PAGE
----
Thrombolytic Agents used in Trials and Clinical Practice

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Thrombolytic drugs lyze preexisting thrombus in both arteries and veins and re-establish tissue perfusion.4 They exert their action through conversion of plasminogen to plasmin, which then degrades fibrin, a major structural component of the thrombus.37 The action of thrombolytic drugs is achieved by either potentiating endogenous fibrinolytic pathways or mimicking natural thrombolytic molecules.1 Currently available thrombolytic agents are derived from bacterial products or manufactured using recombinant DNA technology. They differ in their efficiency, fibrin selectivity, and side-effect profile. Even for the same thrombolytic agent, different doses, different administration regimens, and concomitant use of adjunctive agents can modify its patency rates. However, these differences are only marginal.1 Many limitations exist among the available generations of thrombolytic agents, raising the need for continued research for better agents. The indications of fibrinolytic therapy are summarized in Table 1 and contraindications in Table 2. First-generation thrombolytic agents

There are three agents belonging to this group: streptokinase, urokinase, and anisoylated purified streptokinase activator complex (APSAC). They are not fibrin specific or site specific, and they act anywhere in the blood, converting circulating plasminogen to plasmin. Eventually, this causes depletion of body plasminogen, disturbing the equilibrium between circulating plasminogen and plasminogen in the thrombus (plasminogen steal) and reducing clot lysis.

Table 1 Indications of fibrinolytic therapy (ACC guidelines) Class I

1. In the absence of contraindications, fibrinolytic therapy should be administered to STEMI patients with symptom onset within the prior 12h and STelevation greater than 0.1 mVin at least 2 contiguous precordial leads or at least 2 adjacent limb leads (Level of Evidence: A)

2. In the absence of contraindications, fibrinolytic therapy should be administered to STEMI patients with symptom onset within the prior 12 h and new or presumably new LBBB (Level of Evidence: A)

Class IIa

1. In the absence of contraindications, it is reasonable to administer fibrinolytic therapy to STEMI patients with symptom onset within the prior 12 h and 12-lead ECG findings consistent with a true posterior MI (Level of Evidence: C)

2. In the absence of contraindications, it is reasonable to administer fibrinolytic therapy to patients with symptoms of STEMI beginning within the prior 12-24h who have continuing ischemic symptoms and STelevation greater than 0.1 mVin at least 2 contiguous precordial leads or at least 2 adjacent limb leads (Level of Evidence: B)

Class III

1. Fibrinolytic therapy should not be administered to asymptomatic patients whose initial symptoms of STEMI began more than 24 h earlier (Level of Evidence: C)

2. Fibrinolytic therapy should not be administered to patients whose 12-lead ECG shows only ST-segment depression except if a true posterior MI is suspected (Level of Evidence: A)

Table 2 Contraindications to fibrinolytic therapy (ACC guidelines) Absolute contraindications

1. Any prior ICH

2. Known structural cerebral vascular lesion (e.g., AVM/aneurysm)

3. Known malignant intracranial neoplasm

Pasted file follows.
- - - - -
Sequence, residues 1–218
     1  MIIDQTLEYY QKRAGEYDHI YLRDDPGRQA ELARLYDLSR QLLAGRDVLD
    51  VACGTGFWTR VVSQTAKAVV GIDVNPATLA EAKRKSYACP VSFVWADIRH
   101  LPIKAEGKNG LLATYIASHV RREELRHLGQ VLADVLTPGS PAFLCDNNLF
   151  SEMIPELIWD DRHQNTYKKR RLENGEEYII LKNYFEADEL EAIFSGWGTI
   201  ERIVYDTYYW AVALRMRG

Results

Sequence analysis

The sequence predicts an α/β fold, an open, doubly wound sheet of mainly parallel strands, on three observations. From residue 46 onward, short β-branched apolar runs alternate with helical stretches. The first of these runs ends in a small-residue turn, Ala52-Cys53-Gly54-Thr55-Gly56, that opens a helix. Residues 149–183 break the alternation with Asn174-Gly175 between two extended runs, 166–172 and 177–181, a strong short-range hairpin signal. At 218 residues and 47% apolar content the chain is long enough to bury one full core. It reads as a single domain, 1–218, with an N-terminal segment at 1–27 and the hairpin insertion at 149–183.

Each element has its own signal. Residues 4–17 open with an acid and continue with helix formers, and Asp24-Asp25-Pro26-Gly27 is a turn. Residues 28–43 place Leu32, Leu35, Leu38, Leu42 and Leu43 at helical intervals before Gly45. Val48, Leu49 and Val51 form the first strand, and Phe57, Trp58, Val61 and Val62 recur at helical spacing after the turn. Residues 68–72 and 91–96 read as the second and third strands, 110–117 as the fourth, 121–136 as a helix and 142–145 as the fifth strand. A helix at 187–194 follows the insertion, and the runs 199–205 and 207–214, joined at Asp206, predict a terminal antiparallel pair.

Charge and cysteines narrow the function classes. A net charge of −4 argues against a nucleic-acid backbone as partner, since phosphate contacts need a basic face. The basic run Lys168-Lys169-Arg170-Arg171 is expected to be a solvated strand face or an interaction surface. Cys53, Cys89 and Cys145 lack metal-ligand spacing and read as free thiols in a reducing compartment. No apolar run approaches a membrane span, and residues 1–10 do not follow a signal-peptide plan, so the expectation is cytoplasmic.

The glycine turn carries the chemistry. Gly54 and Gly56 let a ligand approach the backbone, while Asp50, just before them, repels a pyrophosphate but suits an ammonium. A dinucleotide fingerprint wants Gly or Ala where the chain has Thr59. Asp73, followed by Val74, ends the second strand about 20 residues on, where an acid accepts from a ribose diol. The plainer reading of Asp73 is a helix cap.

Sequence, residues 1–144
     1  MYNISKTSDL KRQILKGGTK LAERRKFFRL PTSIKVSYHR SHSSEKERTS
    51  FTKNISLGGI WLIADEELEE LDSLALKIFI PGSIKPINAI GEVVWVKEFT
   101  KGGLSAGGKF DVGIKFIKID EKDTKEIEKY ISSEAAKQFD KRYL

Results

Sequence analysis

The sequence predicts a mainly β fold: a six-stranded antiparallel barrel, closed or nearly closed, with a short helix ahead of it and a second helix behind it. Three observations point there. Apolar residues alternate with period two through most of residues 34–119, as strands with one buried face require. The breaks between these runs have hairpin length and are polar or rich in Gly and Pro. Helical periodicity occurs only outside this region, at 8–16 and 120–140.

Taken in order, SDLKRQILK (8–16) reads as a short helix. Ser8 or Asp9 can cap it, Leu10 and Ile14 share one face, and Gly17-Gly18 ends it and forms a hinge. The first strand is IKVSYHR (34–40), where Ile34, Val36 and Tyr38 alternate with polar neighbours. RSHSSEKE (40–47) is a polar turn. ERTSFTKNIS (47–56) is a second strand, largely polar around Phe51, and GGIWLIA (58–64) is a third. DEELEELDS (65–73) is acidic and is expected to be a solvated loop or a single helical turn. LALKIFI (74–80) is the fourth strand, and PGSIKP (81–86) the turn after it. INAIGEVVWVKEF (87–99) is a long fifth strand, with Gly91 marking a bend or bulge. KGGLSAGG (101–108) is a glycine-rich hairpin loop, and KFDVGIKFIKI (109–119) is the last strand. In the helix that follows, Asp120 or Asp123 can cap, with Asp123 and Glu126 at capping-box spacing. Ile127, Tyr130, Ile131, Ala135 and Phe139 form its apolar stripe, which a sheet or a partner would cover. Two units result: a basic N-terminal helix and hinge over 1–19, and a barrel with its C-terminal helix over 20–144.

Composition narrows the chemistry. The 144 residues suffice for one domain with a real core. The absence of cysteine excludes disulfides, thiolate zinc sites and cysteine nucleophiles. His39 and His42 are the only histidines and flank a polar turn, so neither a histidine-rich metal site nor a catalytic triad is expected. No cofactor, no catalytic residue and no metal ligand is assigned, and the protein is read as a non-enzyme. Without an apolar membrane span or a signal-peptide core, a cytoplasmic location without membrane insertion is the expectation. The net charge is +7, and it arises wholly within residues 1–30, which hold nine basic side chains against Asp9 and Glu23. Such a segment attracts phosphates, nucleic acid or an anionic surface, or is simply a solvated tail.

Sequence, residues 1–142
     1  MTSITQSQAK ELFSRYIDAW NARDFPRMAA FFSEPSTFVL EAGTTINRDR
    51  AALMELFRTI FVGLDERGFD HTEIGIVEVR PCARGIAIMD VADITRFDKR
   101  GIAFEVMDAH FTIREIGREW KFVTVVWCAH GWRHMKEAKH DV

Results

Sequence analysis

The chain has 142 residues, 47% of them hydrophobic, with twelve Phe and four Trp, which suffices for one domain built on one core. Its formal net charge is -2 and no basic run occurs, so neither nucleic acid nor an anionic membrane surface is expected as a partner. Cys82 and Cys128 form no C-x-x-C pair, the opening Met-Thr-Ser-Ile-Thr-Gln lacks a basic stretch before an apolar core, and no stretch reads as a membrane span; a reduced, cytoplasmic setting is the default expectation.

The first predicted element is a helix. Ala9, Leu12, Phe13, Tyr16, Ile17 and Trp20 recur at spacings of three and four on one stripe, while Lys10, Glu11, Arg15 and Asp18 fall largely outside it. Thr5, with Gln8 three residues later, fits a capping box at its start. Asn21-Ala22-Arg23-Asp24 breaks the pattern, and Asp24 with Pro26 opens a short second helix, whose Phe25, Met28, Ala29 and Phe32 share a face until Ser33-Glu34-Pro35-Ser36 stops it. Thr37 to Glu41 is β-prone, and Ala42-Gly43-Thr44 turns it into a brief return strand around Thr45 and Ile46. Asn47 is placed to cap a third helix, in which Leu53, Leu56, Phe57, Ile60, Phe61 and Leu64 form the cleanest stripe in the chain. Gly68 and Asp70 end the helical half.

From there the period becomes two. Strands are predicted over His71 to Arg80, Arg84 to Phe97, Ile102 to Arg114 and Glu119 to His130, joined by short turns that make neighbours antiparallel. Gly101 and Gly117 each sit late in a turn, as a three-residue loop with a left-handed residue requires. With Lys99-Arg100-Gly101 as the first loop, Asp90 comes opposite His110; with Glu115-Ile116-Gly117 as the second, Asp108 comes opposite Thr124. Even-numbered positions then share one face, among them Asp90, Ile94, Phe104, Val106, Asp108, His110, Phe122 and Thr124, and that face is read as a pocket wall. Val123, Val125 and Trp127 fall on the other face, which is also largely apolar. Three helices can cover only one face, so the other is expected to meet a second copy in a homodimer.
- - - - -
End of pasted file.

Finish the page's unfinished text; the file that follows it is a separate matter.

4. Ischemic stroke within 3 months EXCEPT acute ischemic stroke within 3 h

5. Suspected aortic dissection

6. Active bleeding or bleeding diathesis (excluding menses)

7. Significant closed-headi or facial trauma within 3 months Relative contraindications

1. History of chronic, severe, poorly controlled hypertension

2. Severe uncontrolled hypertension on presentation (SBP greater than 180mmHg or DBP greater that 110mmHg)

3. History of prior ischemic stroke greater than 3 months, dementia, or known intracranial pathology not covered in contraindications

4. Traumatic or prolonged (greater than 10min) CPR or major surgery (within the last 3 weeks)

5. Recent (within 2-4 weeks) internal bleeding

6. Noncompressible vascular punctures

7. For streptokinase/anistreplase: prior exposure (more than 5 days ago) or prior allergic reaction to these agents

8. Pregnancy

9. Active peptic ulcer disease

10. Current use of anticoagulants: the higher the INR, the higher the risk of bleeding

CPR, cardiopulmonary resuscitation; AVM, arteriovenous malformation; SBP, systolic blood pressure; DBP, diastolic blood pressure; INR, international normalized ratio. Streptokinase

Streptokinase is approved for use in myocardial infarction, pulmonary embolism, deep venous thrombosis, arteriovenous-cannula occlusions, and peripheral arterial occlusions.30 Streptokinase is an enzyme with a molecular weight of 47 000 Da35 derived from the culture filtrate of Lancefield group C5 b-hemolytic streptococci.1'35 Streptokinase lyses thrombus by potentiating the body's own fibrinolytic pathways.1 It acts indirectly2,37 through binding with free circulating plasminogen to form a 1:1 complex, resulting in a conformational change and exposure of an active site that can convert additional plasminogen into plasmin, the main thrombolytic enzyme in the body.4 The resultant plasmin is of two types: fibrin-bound and unbound. Fibrin-bound plasmin causes direct fibrinolysis of the thrombus,2 while unbound circulating plasmin leads to systemic fibrinolysis and a hypocoagulable state due to the depletion of fibrinogen, plasminogen, and factors V and VIII.1'35'37 In addition, streptokinase increases levels of activated protein C, which enhances clot lysis.35 The greatest benefit of streptokinase appears to be achieved by early i.v. administration.4